LaMeres' Research Overview
MSU's FPGA-Based Research Computer (LEFT) Flying the HASP Balloon System on 9/2/13 and (RIGHT) Flying on UP Aerospace SL-9 Sounding Rocket on 10/23/14.
Exploiting Programmable Fabrics for Effective Computing
Reconfigurable digital circuitry has always provided inherent design flexibility.
Historically, this flexibility has come at the expense of performance. However, with
advances in IC fabrication technology, programmable logic performance has advanced
to the point where it is meeting the computation needs of modern applications. This
has created a paradigm shift in the way digital circuitry can be implemented. If programmable
logic cells can perform as well as dedicated IC blocks, then the standard VLSI design
flow will need to be reinvented. Reprogrammable fabrics now have the capacity to contain
not only custom hardware but multiple soft processor cores. This capability enables
computing approaches such as single-chip hardware accelerated processors, dynamically
scalable parallel processing, and reconfigurable computing. The capability that now
exists in computing hardware makes the effective partitioning between hardware and
software a difficult challenge due to the endless implementation possibilities.
Reconfigurable fabrics also have enabled novel architectures to address the robustness of a computer system. Redundancy (both static and dynamic) can be used to detect and recover from faults and spatial avoidance of faults can be used to extend lifetime of a part. These opportunities for fault tolerance are of great interest to the military and aerospace industry due to their unique need for robust computing platforms.
Currently, research is being conducted in the ECE department at MSU in the area of effective hardware/software partitioning using soft processors on FPGAs. Research is also being conducted on the design of a radiation tolerant computing system for the aerospace industry which exploits partial reconfiguration of an FPGA to spatially move soft processors to different locations on the FPGA in order to avoid radiation strikes. Reconfiguration is also used to dynamically recover from a non-damaging radiation strike. Sponsors of this work include NASA, the Montana Space Grant Consortium, the National Space Grant Consortium, and the Office of Naval Research.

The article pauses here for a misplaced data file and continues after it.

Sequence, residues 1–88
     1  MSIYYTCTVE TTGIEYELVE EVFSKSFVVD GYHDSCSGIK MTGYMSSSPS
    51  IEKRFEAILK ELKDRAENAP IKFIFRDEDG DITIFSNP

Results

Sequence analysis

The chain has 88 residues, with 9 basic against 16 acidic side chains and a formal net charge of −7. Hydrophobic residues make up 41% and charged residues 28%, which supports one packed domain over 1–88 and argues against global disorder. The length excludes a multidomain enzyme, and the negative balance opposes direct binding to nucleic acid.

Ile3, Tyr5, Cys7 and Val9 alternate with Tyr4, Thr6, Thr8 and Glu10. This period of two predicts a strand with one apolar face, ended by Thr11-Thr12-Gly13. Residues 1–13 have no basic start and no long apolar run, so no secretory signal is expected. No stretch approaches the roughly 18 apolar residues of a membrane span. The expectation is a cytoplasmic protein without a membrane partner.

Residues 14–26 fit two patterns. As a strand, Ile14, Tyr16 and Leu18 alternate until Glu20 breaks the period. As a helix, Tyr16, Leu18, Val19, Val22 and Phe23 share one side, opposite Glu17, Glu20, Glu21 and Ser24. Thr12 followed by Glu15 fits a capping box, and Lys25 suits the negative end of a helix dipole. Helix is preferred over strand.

The picture shown here is a Radiation Tolerant Many Core Computing System implemented on a Xilinx Virtex-6 FPGA. This system was developed for NASA to help increase reliability in interplanetary flight systems. This system contains 16 soft processors. At any given time, 3 of the processors are used in Triple Modular Redundancy (TMR) to check for faults due to radiation. Upon a soft radiation strike, the TMR system reboots and resynchronizes the faulted processors. If the fault occurs in the reconfiguration RAM of the FPGA, the system performs partial reconfiguration on the effected processor in order to recover. If the fault is unrecoverable, the system brings on a new spare processor to form the TMR configuration and marks the damaged area as unusable.
- LaMeres "FPGA-Based Radation Tolerant Computing" 6/14/14)
- LaMeres "Research Overview in 20min" (9/19/14)
- LaMeres "Research Overview in 10min" (9/19/14)
- LaMeres "Online Learning in STEM" (11/14/14)
- LaMeres "Conducting Research in Space" (1/15/15)
Current Research Projects
Artemis "Radiation Tolerant Computing Mission on the International Space Station (RTcMISS)"
- Artemis CAD Model, Rev001, SolidWorks 2014+ (150Mb zip, 1/15/15)
- Artemis Theory of Operation, Rev001 (PDF, 1/15/15)
- Artemis Yr1 Report Supporting Docs (68Mb zip, 5/4/15)
RadSat - Small Satellite Demonstration of a Radiation Tolerant Computing System
- SL-9 Launch, 10/23/14, 408,000 ft (1min)
- KTVM News Story about SL-9 Launch, 10-23-14 (1M)
- SL-9 Flight Pictures (200 Mb zip, 2/10/15)